x-axis rotation matrix (pitching) where V is vertical angle

1 	0 	0
0 	cos(V) 	-sin(V) 
0 	sin(V) 	cos(V) 

y-axis rotation matrix (yawing) where H is horizontal angle

cos(H)	0	sin(H)
0	1	0
-sin(H)	0	cos(H) 

You multiply those matrices to get a single matrix that does pitch followed my yaw and you get:

cos(H)	sin(V)*sin(H)	cos(V)*sin(H)
0	cos(V)		-sin(V) 
-sin(H)	sin(V)*cos(H)	cos(V)*cos(H) 

Then your original forward is (0, 0, 1) so as a matrix that is

0
0
1 

Multiply that by the final matrix and you get:

cos(V)*sin(H) 
sin(V) 
cos(V)*cos(H) 

You may recognise those terms from the code you have:

glm::vec3 direction(
cos(verticalAngle) * sin(horizontalAngle),
sin(verticalAngle),
cos(verticalAngle) * cos(horizontalAngle)
);

Whether they got it the same way as I did I can't say but it does show that this is the exact same way just done far quicker than multiplying matrices (which is good).

Edited by Nanoha

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Very true. What I'm not getting is how the angles multiplication does its magic.

Well, there is no angle multiplication. The sine and cosine functions compute the lengths of a unit-vector as projection onto cartesian axes, where the vector is rotated by the given angle. The multiplication is done because we have 3 dimensions. Again, this is what makes spherical co-ordinates. For a circle we need an angle (and a radius), and for a sphere we need 2 angles (and a radius).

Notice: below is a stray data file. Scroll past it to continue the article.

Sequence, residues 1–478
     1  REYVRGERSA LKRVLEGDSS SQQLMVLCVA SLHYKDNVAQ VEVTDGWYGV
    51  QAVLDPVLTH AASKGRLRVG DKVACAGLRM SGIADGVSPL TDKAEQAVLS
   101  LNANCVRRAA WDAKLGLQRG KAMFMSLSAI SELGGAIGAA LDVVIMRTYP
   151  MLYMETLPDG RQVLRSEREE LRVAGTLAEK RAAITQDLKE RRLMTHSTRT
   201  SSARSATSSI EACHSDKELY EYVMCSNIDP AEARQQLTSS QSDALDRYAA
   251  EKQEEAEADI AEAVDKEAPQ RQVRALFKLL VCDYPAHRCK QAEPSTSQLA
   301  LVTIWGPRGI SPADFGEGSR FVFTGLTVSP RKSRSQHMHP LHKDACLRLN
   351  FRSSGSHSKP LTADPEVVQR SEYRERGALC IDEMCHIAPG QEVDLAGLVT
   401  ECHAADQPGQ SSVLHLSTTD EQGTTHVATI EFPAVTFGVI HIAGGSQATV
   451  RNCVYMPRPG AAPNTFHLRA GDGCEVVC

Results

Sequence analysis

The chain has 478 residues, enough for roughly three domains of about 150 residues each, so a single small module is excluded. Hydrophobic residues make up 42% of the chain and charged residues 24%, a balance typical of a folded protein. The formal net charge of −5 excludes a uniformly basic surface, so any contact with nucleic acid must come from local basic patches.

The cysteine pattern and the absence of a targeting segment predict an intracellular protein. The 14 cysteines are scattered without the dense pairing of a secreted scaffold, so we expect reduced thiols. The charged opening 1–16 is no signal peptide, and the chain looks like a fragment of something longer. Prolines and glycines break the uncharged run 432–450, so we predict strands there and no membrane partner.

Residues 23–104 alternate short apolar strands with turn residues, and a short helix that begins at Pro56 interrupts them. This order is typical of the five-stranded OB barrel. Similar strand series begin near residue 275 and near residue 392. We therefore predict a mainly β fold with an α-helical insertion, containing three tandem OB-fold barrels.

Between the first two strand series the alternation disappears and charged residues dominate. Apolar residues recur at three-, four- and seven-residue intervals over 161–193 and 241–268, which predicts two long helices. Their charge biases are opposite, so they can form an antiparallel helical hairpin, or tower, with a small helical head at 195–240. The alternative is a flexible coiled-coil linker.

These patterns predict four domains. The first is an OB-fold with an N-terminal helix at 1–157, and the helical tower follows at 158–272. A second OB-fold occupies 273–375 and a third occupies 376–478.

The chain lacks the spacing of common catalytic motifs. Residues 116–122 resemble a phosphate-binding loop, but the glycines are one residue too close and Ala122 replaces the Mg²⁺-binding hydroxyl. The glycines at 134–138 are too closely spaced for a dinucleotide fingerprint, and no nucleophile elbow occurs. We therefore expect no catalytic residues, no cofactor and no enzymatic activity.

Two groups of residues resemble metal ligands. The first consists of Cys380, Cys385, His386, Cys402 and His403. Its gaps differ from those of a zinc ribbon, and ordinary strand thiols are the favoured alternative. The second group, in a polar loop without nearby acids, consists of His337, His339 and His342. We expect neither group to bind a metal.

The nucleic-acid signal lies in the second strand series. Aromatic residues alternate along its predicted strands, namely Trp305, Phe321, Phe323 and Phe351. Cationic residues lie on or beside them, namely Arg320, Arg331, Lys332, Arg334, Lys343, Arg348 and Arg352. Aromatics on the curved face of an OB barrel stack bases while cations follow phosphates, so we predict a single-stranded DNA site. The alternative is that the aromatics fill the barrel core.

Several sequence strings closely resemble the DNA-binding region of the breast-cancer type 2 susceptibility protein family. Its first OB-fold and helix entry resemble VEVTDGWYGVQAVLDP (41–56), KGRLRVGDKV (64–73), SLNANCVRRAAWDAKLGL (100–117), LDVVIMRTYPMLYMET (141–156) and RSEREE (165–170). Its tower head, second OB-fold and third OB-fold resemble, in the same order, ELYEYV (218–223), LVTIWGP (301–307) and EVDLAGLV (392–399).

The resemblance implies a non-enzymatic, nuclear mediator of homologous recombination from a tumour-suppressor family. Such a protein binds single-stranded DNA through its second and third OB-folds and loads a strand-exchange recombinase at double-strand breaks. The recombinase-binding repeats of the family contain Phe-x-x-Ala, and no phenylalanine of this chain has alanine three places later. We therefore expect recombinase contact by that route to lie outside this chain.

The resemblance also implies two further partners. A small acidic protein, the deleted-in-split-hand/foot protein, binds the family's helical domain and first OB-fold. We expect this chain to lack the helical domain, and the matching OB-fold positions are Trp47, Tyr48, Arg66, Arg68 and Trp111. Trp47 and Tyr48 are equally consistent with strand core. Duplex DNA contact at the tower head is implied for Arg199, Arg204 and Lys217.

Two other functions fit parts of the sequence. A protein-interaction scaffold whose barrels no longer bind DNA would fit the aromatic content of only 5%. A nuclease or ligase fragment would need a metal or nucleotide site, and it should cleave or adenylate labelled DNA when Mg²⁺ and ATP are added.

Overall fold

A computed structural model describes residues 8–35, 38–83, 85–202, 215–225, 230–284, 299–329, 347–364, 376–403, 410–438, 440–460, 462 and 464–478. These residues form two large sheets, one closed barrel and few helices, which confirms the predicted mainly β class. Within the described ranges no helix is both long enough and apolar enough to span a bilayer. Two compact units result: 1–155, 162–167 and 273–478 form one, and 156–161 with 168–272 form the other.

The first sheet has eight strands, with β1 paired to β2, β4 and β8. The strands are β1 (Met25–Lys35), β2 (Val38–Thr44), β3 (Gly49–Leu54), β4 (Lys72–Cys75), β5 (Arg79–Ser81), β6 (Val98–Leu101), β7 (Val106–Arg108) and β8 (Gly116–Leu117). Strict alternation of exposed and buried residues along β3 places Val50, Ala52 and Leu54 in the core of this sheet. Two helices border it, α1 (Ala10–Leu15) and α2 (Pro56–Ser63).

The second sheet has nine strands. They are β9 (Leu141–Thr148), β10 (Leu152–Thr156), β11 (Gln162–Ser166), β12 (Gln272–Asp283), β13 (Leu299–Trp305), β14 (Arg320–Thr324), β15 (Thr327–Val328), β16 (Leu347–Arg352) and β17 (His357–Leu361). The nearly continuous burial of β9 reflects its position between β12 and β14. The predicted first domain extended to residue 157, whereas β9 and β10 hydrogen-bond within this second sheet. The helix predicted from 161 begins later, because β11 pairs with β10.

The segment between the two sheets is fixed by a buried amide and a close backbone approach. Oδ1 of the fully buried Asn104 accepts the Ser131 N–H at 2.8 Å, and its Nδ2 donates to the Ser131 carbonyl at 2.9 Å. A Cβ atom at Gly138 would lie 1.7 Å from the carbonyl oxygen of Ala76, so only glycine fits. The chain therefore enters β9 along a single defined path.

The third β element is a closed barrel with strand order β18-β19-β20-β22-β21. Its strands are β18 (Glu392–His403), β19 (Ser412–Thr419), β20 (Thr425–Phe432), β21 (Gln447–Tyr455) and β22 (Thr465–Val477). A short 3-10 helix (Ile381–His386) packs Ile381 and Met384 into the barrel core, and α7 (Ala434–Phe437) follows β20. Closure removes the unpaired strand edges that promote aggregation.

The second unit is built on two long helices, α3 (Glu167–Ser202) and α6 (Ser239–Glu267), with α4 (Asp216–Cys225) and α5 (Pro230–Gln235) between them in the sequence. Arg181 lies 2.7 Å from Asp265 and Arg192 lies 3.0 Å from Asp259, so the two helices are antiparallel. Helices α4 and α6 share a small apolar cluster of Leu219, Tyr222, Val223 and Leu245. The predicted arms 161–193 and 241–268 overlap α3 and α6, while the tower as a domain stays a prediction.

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Ok, I got to that pitch*yaw matrix ( or yaw*pitch, I got your result with yaw*pitch . And I multiplied by "forward" and it really works. But now another question comes, maybe I'm just tired, but why multiplying this by my original forward or backwards or +x or -x works, but if I multiply the matrix by my original "y", it doesn't work?

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Ok, I got to that pitch*yaw matrix ( or yaw*pitch, I got your result with yaw*pitch . And I multiplied by "forward" and it really works. But now another question comes, maybe I'm just tired, but why multiplying this by my original forward or backwards or +x or -x works, but if I multiply the matrix by my original "y", it doesn't work?